Eleanor Roosevelt once said, "the future belongs to those who believe in the beauty of their dreams." Offside, a Futures Theatre production currently touring the UK, seeks to convey this belief to its audience. The dream here is one of gender equality, explored and fought for through a three woman play using the fitting metaphor of women’s football.
Offside is an entertaining education with an inspirational script
The timing for a production about women’s relationship with the beautiful game is perfect. Both women’s rights and football are uppermost in our minds what with the Lionesses having just gone to the top of their World Cup qualifying group, the (men’s!) World Cup kicking off in Russia, and a century of women’s suffrage recently celebrated nationwide. The venue of Offside’s Sussex performances is perfect too as, although it was a Theatre Royal event, Futures Theatre have chosen to stage this production in the changing rooms of Lewes Football Club, a club which, in 2017, became the first in the country to pay its women’s team the same as its men’s. Using a changing room as a stage clearly makes for a modest audience, but in exchange it provides an intense and intimate viewing experience. As we take our seats on the hard, wooden benches around the perimeter of this tiny room, my hopes are high for a seventy-five-minute theatrical treat; I am not disappointed.
Jessica Dennis, Marième Diouf and Fizz Waller quietly file into the room and take their static positions. This silence is immediately and dramatically broken as we are thrown in to a verbal and physical high-octane show with Diouf and Waller metamorphosing into four female footballers, past and present; Dennis transforms into at least six different characters ranging from crowd members to coaches. These actors are a trinity tour de force, adeptly transferring the passion and fight of the feminist movement into the women’s fight for the right to play football (told through the stories of Emma Clarke and Lily Parr) and the women’s fight to be judged, as men are, by their abilities and not by their life choices (told through the stories of Mickey and Keeley).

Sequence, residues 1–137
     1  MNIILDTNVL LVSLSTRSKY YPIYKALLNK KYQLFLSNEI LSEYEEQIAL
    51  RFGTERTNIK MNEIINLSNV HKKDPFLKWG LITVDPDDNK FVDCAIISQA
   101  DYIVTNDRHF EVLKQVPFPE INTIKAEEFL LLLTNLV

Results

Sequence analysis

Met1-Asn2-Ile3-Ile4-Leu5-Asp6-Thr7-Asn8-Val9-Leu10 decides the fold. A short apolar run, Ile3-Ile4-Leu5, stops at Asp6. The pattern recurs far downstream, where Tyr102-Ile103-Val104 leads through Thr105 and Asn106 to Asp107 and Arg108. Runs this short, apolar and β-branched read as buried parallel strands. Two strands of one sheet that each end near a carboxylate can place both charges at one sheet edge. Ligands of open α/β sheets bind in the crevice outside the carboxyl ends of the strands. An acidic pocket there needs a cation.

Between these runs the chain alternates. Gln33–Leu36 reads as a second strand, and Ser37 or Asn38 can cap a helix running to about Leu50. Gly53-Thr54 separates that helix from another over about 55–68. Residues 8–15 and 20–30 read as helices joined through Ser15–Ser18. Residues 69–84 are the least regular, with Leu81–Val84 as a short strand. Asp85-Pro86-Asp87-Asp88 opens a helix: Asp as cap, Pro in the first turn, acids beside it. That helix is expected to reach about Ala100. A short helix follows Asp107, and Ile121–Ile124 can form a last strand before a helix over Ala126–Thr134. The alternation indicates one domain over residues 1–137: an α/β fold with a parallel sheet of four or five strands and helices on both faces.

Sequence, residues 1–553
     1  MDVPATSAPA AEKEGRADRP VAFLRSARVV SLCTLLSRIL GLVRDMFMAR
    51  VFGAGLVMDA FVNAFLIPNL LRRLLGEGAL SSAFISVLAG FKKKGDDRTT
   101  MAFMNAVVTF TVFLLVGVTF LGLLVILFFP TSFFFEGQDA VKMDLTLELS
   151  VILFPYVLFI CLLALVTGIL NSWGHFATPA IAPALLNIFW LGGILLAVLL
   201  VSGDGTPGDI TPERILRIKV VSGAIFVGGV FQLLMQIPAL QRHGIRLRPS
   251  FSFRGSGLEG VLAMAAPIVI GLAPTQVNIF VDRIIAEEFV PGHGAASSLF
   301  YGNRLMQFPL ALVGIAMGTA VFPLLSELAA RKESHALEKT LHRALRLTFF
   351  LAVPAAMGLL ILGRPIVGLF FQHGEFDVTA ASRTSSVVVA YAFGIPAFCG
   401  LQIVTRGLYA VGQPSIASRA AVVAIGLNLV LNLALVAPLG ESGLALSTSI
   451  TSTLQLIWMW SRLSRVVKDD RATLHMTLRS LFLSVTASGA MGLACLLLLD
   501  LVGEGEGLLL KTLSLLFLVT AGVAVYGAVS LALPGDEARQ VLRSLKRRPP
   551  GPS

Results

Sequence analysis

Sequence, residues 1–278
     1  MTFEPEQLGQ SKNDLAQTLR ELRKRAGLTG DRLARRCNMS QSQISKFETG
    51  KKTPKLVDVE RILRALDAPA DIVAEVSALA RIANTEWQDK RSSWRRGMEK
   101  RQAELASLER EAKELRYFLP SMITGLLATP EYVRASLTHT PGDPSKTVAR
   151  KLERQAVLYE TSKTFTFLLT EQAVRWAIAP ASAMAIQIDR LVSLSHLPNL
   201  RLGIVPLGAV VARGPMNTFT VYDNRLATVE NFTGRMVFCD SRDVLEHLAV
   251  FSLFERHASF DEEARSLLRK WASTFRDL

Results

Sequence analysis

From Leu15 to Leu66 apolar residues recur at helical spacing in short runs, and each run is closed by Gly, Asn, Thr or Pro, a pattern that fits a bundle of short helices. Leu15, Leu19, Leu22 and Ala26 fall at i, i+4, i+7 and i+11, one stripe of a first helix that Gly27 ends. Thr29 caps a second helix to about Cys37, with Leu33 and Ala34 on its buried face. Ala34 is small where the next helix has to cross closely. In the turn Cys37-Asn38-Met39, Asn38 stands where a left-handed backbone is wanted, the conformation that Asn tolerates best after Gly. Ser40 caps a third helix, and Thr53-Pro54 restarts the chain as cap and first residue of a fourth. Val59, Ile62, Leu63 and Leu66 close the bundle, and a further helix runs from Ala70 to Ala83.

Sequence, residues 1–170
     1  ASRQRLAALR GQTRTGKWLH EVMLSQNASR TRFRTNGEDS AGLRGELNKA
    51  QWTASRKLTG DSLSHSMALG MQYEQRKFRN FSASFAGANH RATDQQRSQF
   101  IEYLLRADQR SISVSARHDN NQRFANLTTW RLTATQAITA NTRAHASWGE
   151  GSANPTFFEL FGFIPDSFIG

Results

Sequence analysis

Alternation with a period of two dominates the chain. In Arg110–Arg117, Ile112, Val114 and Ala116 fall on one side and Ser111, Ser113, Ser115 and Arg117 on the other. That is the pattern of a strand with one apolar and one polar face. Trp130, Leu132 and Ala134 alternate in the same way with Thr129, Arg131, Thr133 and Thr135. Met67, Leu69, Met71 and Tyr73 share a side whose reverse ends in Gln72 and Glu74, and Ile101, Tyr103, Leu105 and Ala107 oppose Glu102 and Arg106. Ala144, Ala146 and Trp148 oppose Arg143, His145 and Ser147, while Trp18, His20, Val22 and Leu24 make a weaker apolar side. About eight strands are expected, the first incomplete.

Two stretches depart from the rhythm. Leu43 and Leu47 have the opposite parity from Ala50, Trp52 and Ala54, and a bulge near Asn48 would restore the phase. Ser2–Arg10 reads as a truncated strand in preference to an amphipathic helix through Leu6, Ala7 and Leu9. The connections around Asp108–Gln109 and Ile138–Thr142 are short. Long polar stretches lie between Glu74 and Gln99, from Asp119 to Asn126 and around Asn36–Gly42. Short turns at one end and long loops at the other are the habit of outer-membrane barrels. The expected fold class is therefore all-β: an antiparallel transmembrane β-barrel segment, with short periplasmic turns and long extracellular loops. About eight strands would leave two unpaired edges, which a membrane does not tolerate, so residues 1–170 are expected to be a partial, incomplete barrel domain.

This fast-paced script is delivered through a variety of medium: poetry, prose and music. Weedy Women Washing was a particular favourite, being a satirical verse on the endless list of tasks befalling the traditional female role that, in reality, demonstrate women’s mental and physical strength. Humour is also used effectively in the stereotyping of reporters’ questions and the literal exposure of male bullies by Clarke. Poignant and tender moments – both Mickey and Keeley have secrets – are touchingly played out by the two actors and add a variety of pace. Props are minimal, but innovative: shirts are magically transformed into swaddling babes in arms and video footage is used throughout to support the link between the suffragette movement and the history of women’s football.
The acting is sublime. Diouf and Waller are slick in their portrayals as Mickey/Emma and Keeley/Lily. Physical and vocal changes in their characters are professional and seamless. Waller adroitly displays the differences between the spirited Parr and the fragile Keeley. Diouf, too, is faultless in her presentations of Clarke and Mickey. Her acting is compelling and indeed brought a tear to my eye, at times, with the defiant and unrelenting vibrancy of her performance – sparks fly when she takes centre stage. Jessica Dennis is highly talented, too, smoothly juggling a myriad of roles with impressive versatility.
Offside is an entertaining education with an inspirational script (written by Sabrina Mahfouz and Hollie McNish) and a dynamic delivery. It’s passionate and punchy and brilliantly performed with a clear essential message: the importance of the continual fight for equal rights. An enjoyable and vital watch for anyone who cares about equality. Bravo Futures Theatre, you’ve done Mrs Pankhurst proud.